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Answered 2009-12-08 01:44:00

If court ordered? Yes. If she's collecting Welfare? Yes
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It is not clear from your question whether you are the father of the child. If you are the father of the child, you are legally obligated to pay child support if a child support order has been entered by a court. If you are not the father of the child but are living with the child's mother you are not obligated to pay child support.


No,the same rules apply wether you are the father or the mother you are not obligated to pay support.


The parent either mother or father is obligated to pay child support until that child/children turn 18 years old.



If you mean, the child's mother (ex-wife) has custody, the child's father (ex-husband) is obligated or potentially obligated for support.


The father of the child (whether he was ever legally married to the child's mother or not) is obligated to pay the child support. His new spouse cannot be LEGALLY obligated to pay it since she has no part in the action at all, but there is no bar to her helping her husband pay it if she wishes to do so.


For herself, it can affect the percentage of extras she's obligated to carry.


Whatever the judge mandates. If you can go to court and get a different amount for child support, go for it. Good luck.


Yes, if the father is not given custody he will be obligated to keep paying support to whomever the court awards custody or guardianship of the children.


The non custodial parent pays child support. If the father has custody of the child then the mother pays child support and vice versa. If the father is the non custodial parent and is in school he is still obligated to pay child support whether he is unemployed or not. The only thing that can relinquish a support order is if the parent is incarcerated and not receiving an income, if you sign over your rights ( which in some cases you might still be obligated to pay ) or if you die.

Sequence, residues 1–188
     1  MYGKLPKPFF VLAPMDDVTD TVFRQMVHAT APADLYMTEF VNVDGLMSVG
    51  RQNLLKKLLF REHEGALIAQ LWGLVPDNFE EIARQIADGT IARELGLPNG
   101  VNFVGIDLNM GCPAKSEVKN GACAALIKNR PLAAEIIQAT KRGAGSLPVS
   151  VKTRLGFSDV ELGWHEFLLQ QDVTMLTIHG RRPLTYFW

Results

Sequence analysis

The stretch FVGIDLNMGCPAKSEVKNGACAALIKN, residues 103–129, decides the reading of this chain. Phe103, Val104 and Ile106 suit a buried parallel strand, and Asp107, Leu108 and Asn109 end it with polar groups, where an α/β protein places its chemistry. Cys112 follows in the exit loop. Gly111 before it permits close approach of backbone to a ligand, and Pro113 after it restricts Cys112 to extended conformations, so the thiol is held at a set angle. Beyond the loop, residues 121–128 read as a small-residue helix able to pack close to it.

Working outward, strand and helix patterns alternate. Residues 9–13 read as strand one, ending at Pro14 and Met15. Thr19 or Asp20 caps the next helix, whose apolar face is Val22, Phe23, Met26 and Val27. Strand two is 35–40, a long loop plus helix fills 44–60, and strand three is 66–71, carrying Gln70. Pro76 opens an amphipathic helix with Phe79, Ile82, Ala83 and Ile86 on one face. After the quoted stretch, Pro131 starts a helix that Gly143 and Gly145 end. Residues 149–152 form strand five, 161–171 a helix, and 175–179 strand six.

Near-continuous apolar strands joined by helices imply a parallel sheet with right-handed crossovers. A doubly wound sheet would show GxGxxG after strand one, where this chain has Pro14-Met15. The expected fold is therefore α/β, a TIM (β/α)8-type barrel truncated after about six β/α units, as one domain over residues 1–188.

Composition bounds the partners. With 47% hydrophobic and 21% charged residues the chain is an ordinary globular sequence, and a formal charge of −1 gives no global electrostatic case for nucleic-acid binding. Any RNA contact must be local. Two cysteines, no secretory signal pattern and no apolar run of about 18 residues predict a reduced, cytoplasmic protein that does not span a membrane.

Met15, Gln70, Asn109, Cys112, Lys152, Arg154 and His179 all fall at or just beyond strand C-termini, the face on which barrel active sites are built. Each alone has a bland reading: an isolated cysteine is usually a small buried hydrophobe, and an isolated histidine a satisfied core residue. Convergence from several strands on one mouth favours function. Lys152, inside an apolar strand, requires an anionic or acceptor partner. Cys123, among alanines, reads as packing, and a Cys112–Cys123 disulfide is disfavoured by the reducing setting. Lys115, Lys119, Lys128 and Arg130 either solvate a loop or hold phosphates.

The court that issued the order has jurisdiction but moving can complicate the situation. You should consult with an attorney or some other child support enforcement specialist. Courts will enforce child support orders from other states however, with reduced staff, it may be difficult to find that kind of support.



The spouse is not obligated to pay but your incomes may be taken into account when they determine how much he pays every month on his back child support.


The father should contact the clerk of the court where the support order was enacted for information on how to rectify the situation. Even if the mother has agreed to stop support payments it is not legally binding until the court issues an order stating such. If the father is in arrears he will most likely be obligated to pay the amount before the court considers ending support obligations. Likewise, if the support payments have been made through the state's social services it may not be possible for the mother to or father to engage in the action canceling support obligations.


This depends on the state. In some, if the man is not the father, he's not obligated to pay, while in others he is. If he is the father, he's obligated to pay in nearly every state, plus all court costs. see relate link on post cases


The courts are the ones who award the support to the mother. If the father, all of a sudden, begins supporting the mother and child, he is still obligated to pay support according to the court. That's because the courts don't know about it. They person involved would have to have the support removed at the court level. But morally speaking, he does not need to pay the support and if he doesn't, wouldn't get in any trouble unless the mother turns him in.